Switching jobs is always an exciting change, but it also comes with logistical tasks like what to do with your 401(k) from your previous employer.
In this comprehensive guide, we’ll explain the key considerations and steps involved in rolling over or transferring your 401(k) funds to your new employer or an IRA.
Let’s dive in.
Understanding 401(k) Rollovers
When you leave a job, you have a few different choices regarding what to do with the money in your 401(k) account from that employer. The most common options are:
Leave the money where it is: You can choose to leave your 401(k) assets in your former employer’s plan if the plan balance is over $5,000. However, once you separate from the company you will no longer be making contributions to that account. You also won’t be able to take advantage of potential lower fees or better investment options that may be available elsewhere.
Roll over to new employer’s 401(k): If your new employer offers a 401(k) plan, you can roll over the funds from your previous employer into the new employer’s 401(k) plan. This keeps your retirement savings in a tax-advantaged 401(k) account. Just be sure to compare the investment options and fees between the two plans.
Roll over to a Traditional or Roth IRA: You have the flexibility to roll over your 401(k) funds into a Traditional or Roth IRA. IRAs typically offer more investment choice compared to 401(k)s. Be aware that with a Roth IRA, any pre-tax money rolled over will be taxed in the year of the rollover.
Cash out the 401(k): Cashing out the funds results in paying income taxes on the amount withdrawn plus a 10% penalty if you’re under age 59.5. This should really only be an emergency last resort since it destroys the tax-advantaged growth of the money.
Whenever you roll funds over from one retirement account to another, it is considered a “60-day rollover”. This means you have 60 days from the date you receive the funds to complete the rollover without creating a tax problem. Any amount not rolled over within 60 days becomes a taxable distribution.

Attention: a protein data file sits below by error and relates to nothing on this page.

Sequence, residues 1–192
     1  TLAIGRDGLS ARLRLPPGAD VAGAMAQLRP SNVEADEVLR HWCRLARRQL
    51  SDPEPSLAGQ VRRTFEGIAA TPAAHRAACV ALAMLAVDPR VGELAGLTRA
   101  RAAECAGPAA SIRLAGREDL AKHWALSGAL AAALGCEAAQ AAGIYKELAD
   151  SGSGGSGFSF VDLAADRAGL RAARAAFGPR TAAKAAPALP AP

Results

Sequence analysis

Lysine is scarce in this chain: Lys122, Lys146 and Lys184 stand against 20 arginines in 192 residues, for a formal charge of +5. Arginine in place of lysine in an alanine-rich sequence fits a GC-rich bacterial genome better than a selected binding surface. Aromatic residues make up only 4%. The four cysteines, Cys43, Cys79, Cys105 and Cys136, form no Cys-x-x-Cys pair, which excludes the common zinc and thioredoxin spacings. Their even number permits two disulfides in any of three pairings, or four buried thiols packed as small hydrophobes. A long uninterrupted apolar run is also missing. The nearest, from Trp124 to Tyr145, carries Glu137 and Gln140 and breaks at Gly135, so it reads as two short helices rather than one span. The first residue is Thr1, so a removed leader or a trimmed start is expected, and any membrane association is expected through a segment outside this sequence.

Comparing 401(k) Rollover Options
Now let’s examine the key advantages and disadvantages of each rollover path in more detail:
Leave the 401(k) Where It Is
- Simple option that requires no action on your part
- Money remains in a tax-advantaged retirement account
- Limited investment options and potentially higher fees
- No ability to make additional contributions
- Will still need to manage multiple accounts from different employers
Roll Over to New Employer’s 401(k)
- Consolidates retirement savings into one account
- Money stays in a tax-advantaged 401(k)
- May get employer match on new contributions
- New plan may have inferior investment options or higher fees
- Less control over investment choices than an IRA
Roll Over to a Traditional IRA
- Wide variety of investment options to choose from
- Typically lower annual account fees than 401(k)s
- More control over investments
- Can choose from multiple IRA providers
- No employer match on new contributions
- Annual IRA contribution limits are lower than 401(k) limits
- Required minimum distributions begin at age 72
Roll Over to a Roth IRA
- Earnings grow tax-free
- Qualified withdrawals in retirement are tax-free
- More investment options and control than a 401(k)
- Pre-tax rollover amount is taxed in the year of conversion
- Annual contribution limits are lower than 401(k)s
- Income limitations on ability to contribute
Cash Out the 401(k)
- Immediate access to cash
- Income taxes owed on distributed amount
- 10% early withdrawal penalty if under age 59.5
- Money withdrawn loses its tax-advantaged growth
As you can see, there are benefits and drawbacks to each option. The best choice will depend on your individual needs, goals, and specific financial situation. With informed analysis, you can select the approach that makes the most sense.
Comparing 401(k) Provider Fees and Expenses